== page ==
Astichopus is a monotypic genus of sea cucumbers, the only species in the genus being Astichopus multifidus. It is commonly known as the furry sea cucumber or the fissured sea cucumber and is native to the Caribbean Sea.
Astichopus multifidus is found on sandy seabeds near reefs and occasionally in seagrass meadows, at depths ranging between 10 and 30 meters.
Astichopus multifidus spends the day buried in the sand, emerging at night to feed. It is a scavenger and detritivore and ingests large quantities of sediment from which organic matter is extracted as it passes through its gut. It can move much more rapidly than most sea cucumbers and can cover almost 2 m (6 ft) in a minute. Locomotion is mostly by crawling or rolling, but fast progress can be made by "bounding".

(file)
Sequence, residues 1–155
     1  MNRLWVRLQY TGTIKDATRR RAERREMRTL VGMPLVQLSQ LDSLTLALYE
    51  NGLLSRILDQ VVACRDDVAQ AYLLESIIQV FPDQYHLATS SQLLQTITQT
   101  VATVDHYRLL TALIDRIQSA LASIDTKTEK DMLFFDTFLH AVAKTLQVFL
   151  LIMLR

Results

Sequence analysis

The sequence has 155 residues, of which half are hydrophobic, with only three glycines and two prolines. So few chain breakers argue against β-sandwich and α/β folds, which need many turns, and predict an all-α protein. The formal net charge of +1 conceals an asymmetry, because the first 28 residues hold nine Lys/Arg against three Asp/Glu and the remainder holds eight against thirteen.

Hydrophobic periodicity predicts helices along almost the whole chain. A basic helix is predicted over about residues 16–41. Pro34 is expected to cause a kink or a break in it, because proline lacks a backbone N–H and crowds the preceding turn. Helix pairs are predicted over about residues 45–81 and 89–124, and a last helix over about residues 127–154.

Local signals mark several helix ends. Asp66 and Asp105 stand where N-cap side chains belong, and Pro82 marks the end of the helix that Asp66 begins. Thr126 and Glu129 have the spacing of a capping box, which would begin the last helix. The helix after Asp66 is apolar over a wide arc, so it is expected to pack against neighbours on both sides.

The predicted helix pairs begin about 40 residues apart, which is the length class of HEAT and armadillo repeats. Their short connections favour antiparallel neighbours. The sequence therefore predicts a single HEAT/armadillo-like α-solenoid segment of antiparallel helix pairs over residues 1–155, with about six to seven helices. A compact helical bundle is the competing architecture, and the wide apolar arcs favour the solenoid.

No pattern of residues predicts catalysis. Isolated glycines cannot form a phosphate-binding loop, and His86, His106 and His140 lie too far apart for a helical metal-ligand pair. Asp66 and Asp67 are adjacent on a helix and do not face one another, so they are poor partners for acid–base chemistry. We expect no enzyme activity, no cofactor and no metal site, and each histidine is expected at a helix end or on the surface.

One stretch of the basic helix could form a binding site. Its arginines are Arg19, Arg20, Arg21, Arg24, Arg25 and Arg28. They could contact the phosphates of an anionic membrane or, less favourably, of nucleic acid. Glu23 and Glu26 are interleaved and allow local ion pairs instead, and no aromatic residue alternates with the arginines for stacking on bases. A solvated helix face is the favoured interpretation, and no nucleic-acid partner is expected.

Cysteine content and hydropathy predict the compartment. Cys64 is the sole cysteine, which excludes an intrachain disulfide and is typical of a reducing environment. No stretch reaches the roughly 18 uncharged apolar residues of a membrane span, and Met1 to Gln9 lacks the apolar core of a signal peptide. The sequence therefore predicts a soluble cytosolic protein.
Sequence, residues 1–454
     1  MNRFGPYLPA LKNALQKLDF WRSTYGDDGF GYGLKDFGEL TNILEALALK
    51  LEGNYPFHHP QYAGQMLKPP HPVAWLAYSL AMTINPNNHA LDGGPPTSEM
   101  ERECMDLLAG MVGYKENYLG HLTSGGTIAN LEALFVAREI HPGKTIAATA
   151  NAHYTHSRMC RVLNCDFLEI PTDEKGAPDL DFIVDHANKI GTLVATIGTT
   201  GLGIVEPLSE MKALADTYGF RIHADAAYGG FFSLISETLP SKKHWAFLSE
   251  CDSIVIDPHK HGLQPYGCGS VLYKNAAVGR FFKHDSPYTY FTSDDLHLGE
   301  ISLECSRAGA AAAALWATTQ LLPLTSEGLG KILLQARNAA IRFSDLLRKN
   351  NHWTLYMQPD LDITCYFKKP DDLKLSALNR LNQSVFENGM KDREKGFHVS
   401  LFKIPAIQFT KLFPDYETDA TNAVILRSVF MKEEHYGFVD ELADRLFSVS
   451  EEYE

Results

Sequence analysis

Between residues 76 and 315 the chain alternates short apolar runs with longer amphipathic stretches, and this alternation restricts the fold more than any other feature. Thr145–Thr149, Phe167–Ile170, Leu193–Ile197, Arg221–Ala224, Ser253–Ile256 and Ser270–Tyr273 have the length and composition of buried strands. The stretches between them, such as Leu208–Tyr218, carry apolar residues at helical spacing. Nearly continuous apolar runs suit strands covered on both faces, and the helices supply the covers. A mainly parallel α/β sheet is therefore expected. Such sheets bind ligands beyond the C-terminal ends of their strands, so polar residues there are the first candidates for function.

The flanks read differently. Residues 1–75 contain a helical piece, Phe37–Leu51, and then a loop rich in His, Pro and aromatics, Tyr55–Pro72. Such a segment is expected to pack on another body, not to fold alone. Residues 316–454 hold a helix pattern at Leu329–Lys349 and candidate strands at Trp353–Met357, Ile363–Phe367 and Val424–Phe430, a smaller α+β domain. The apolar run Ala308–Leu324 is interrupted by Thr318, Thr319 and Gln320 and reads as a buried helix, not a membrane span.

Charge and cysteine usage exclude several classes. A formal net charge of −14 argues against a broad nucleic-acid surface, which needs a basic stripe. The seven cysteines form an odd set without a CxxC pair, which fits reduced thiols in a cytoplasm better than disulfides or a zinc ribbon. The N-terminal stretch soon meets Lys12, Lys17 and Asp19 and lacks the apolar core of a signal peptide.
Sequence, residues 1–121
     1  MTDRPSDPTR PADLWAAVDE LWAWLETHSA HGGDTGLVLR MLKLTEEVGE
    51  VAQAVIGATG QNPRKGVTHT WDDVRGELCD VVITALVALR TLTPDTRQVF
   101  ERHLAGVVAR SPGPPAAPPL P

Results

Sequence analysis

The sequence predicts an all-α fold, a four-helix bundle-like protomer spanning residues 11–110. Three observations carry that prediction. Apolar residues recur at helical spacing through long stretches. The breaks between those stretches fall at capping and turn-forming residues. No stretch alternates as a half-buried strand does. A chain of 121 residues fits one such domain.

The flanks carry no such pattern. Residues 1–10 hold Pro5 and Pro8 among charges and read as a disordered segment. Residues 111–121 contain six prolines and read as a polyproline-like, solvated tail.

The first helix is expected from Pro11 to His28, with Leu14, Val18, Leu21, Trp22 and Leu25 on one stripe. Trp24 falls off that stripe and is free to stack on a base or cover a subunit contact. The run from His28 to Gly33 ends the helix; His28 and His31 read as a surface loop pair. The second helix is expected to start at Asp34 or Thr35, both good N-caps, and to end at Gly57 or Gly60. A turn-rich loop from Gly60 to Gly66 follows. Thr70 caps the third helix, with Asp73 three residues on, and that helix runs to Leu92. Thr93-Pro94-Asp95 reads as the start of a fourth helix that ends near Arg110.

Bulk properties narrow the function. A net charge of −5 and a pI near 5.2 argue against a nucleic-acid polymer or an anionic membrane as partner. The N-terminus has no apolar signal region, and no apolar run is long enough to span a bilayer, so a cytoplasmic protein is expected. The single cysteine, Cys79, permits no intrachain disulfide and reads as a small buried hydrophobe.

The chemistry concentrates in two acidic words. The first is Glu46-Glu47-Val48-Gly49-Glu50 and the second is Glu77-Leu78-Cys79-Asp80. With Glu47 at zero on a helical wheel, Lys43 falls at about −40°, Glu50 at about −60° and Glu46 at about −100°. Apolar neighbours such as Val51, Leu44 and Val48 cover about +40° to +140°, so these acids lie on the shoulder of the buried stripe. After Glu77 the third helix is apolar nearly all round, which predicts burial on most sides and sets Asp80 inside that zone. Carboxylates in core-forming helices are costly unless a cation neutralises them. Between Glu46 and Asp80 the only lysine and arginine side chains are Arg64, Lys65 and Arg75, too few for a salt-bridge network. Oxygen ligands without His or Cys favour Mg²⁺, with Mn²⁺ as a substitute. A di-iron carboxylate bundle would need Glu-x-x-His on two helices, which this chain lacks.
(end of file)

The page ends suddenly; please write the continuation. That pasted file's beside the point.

Astichopus multifidus is a robust, soft-bodied species growing to a maximum length of 40 cm (16 in) and width of 10 cm (4 in). Both its dorsal and ventral surfaces are uniformly covered with hundreds of tube feet, those on the dorsal surface being extended into papillae, fleshy conical projections about 1 cm (0.4 in) long with tube feet at their tips. This sea cucumber is chocolate brown or dark grey, sometimes mottled with paler patches or speckled with many small white spots.
Stichopus multifidus Sluiter, 1910
Classification: Biota > Animalia (Kingdom) > Echinodermata (Phylum) > Echinozoa (Subphylum) > Holothuroidea (Class) > Aspidochirotida (Order) > Stichopodidae (Family) > Astichopus (Genus) > Astichopus multifidus (Species)